and related disciplines, by the recent and continuing emergence of relevant tools and technologies, and by the quality and number of personnel in the field.
There is no simple recipe for the planning and conduct of science-based initiatives that would ensure advanc-es in both scientific progress and their application to societal problems. Much, however, has been learned from prior science initiatives. The temptation is al-ways great, particularly when funding is constrained, to focus research funding in explicit or targeted ways, specifying in detail the exact problems to be solved and even the research approach to be taken. But the history of American science shows that stipulation of details can be counterproductive. What has generally been proved most effective is a combination of ap-proaches to the support of research and development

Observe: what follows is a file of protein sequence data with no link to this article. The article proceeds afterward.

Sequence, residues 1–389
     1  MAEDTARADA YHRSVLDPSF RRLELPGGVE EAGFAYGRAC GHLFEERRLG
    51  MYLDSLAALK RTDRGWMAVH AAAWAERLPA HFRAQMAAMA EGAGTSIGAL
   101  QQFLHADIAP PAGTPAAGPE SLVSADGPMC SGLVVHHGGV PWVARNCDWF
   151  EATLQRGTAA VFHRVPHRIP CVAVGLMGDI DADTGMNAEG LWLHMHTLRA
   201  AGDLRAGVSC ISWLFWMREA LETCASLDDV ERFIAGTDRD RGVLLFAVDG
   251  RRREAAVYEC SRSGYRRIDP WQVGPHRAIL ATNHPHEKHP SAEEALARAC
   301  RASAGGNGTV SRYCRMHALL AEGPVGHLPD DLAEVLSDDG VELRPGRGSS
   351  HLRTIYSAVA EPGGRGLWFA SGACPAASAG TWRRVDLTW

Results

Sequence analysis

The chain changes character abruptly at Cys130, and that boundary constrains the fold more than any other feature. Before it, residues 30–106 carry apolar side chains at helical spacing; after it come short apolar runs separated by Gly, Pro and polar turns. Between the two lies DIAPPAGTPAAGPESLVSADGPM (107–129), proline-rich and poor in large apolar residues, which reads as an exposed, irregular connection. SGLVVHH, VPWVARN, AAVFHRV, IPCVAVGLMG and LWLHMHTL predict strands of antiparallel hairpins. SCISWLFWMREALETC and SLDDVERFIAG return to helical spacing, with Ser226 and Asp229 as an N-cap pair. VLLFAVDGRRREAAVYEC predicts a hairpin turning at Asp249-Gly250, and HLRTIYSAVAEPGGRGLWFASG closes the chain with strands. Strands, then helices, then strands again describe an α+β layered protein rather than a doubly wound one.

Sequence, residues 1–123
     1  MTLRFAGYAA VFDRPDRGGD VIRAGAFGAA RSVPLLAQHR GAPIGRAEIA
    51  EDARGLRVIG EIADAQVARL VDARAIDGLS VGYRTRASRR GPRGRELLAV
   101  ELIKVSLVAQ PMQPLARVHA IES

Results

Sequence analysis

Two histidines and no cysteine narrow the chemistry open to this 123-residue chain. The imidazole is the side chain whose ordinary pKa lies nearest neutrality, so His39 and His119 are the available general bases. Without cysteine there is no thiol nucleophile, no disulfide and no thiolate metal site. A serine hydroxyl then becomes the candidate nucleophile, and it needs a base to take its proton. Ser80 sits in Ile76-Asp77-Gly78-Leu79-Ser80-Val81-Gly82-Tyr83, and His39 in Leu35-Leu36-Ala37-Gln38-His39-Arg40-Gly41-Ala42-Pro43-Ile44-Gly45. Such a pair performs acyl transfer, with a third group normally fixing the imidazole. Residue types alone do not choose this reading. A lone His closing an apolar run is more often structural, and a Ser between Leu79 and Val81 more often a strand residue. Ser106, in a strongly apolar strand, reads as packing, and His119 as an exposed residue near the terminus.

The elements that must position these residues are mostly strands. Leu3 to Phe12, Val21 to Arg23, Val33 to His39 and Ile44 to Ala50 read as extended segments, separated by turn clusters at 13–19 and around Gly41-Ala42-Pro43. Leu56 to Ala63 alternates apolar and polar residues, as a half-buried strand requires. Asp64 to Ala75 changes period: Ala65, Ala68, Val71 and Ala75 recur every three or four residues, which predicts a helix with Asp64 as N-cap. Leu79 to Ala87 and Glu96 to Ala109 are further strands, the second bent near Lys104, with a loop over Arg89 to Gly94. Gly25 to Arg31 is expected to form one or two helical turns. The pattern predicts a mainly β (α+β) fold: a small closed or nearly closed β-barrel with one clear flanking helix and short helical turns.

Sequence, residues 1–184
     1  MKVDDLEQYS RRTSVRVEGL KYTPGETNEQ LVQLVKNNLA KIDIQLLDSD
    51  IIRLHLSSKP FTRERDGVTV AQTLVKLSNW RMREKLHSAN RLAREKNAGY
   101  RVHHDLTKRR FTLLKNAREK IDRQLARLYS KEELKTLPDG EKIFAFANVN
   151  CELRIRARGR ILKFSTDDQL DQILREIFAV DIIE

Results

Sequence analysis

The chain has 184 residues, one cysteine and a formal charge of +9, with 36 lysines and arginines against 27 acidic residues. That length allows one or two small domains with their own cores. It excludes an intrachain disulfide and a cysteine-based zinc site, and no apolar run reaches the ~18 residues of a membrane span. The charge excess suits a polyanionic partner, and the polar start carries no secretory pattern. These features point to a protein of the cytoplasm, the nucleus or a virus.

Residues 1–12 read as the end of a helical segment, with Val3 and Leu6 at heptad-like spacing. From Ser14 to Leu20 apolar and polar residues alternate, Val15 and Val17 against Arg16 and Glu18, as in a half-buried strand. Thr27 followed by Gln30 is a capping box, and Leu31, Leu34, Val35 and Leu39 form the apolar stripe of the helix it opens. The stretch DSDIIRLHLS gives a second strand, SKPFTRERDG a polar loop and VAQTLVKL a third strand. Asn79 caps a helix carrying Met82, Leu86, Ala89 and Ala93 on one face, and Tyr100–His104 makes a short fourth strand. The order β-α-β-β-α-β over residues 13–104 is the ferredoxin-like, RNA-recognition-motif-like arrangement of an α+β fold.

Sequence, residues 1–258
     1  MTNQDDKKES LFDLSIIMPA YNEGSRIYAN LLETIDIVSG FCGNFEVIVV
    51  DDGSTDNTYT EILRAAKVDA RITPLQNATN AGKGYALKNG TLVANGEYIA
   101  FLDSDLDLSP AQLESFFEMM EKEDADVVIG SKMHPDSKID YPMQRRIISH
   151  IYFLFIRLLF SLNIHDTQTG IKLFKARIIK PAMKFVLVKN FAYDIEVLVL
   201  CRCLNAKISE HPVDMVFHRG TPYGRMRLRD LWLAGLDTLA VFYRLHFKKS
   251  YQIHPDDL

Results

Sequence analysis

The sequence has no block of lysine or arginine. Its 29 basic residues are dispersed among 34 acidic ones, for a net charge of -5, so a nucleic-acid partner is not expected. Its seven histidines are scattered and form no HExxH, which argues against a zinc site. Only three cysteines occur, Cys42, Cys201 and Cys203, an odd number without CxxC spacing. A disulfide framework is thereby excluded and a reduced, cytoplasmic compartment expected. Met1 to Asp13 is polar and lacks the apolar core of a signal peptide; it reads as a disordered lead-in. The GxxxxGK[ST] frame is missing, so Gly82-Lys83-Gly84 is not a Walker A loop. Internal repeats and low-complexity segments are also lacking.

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that involves diverse strategies. Moreover, it should be emphasized that increased funding, although almost always a necessary condition for progress, will not by itself yield solutions to critical problems. The science must be tractableeven if difficultand there must be an appropriate workforce in the field in question or workers willing to enter from related fields. Both those conditions prevailed in the response to HIV/AIDS that began in the 1990s.